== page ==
Nashville City Blues is too modern to be included but is relevant and maybe a reprise for one of his memorable early tunes Are They Gonna Makes Us Outlaws Again?

"Yeah, people let me tell you about this Nashville town/ they've taken all the music and watered it all down/ they've taken its heart, they've taken its soul/ they wouldn't know old Hank if he came walking down the road/ people, it's a crying shame, old Hank had something to say."

Woody Guthrie
So did Guthrie who inspired Talley from the sixties and belatedly triggered his album Woody Guthrie And Songs Of My Oklahoma Home recorded in 1994 and released in 1999?

"My father was born two years before Guthrie, my mother two years after," Talley revealed.

"They both came from that same Dust Bowl, bound-for-glory period. And I grew up with that - flour sacks stitched together for bed sheets, no running water. When you come out of that,
you really understand what Guthrie was all about."

Talley's disc, cut in four days at Stepbridge Studio in an old adobe house in Santa Fe, New Mexico, wasn't the first Guthrie tribute album but was more credible than others by artists with less empathy for the dust bowl legend.

The 21 songs include Pretty Boy Floyd who won a name check in Talley's tune Are They Gonna Make Us Outlaws Again?

Belated release is not new for the former case-worker for New Mexico's Department Of Public Welfare who wrote most songs for his 1992 album, The Road To Torreon 24 years before its release.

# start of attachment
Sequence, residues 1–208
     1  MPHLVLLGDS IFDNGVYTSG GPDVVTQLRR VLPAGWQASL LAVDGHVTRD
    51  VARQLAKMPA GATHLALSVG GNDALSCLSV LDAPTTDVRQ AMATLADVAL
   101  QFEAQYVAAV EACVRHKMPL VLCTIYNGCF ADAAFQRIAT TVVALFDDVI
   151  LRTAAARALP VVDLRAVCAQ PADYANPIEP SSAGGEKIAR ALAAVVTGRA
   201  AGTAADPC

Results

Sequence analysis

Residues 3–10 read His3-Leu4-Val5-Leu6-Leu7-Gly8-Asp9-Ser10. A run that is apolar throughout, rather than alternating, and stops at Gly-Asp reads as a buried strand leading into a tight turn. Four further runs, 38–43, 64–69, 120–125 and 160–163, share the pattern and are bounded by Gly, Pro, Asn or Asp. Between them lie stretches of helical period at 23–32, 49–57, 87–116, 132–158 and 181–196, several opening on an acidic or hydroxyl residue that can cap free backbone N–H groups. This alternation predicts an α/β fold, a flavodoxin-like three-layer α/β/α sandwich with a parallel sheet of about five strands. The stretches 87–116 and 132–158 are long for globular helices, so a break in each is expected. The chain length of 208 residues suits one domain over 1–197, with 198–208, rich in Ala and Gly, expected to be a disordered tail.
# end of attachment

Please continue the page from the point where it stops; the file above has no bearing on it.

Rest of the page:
The album, released without licence by Bear Family, was accompanied by Cavalliere Ketchum's photos of Hispanic Mountain Families whom Talley worked with before invading Nashville in August, 1968.

James was born in Pryor and moved to Commerce, Oklahoma, hometown of baseball legend Micky Mantle, a few months after his birth.

But towards the end of World War II they headed to Richland, Washington - source of the song of the same name about his father working in a plutonium plant.


That historic song was one of 16 re-recorded for Touchstones and reinforces Guthrie influences.

Talley blames exposure to plutonium for the death of his guitar-playing dad at the age of 57 - his mother, a retired schoolteacher, is now in her eighties.

"He made plutonium in Richland, Washington/ he bought our groceries, he paid our rent/ it was a pretty little town, that Richland, Washington/ where my daddy worked at the Hanford plant."

History repeats - the plutonium was used in "fat man" bombs dropped on Nagasaki in Japan.
Talley says: "It's probably where my father ruined his health because when we moved to New Mexico they found a big tumour on one of his lungs nobody could identify."

The singer, whose family later moved to Albuquerque in New Mexico, proved more than just master of salient satire.

Up From Georgia, Sometimes I Think About Suzanne, Not Even When It's Over and To Get Back Home are evocative love songs.

Give My Love To Marie enables the singer to combine love and social comment and W Lee O'Daniel And The Light Crust Dough Boys is an ode to the famed, historic Cain's Ballroom in Tulsa.

Although they date back 25 years they benefit from fresh Texas production and have stood the test of time.


Some appeared on his 1979 live album recorded at the Lone Star Café and the Great South East Music Hall in Atlanta.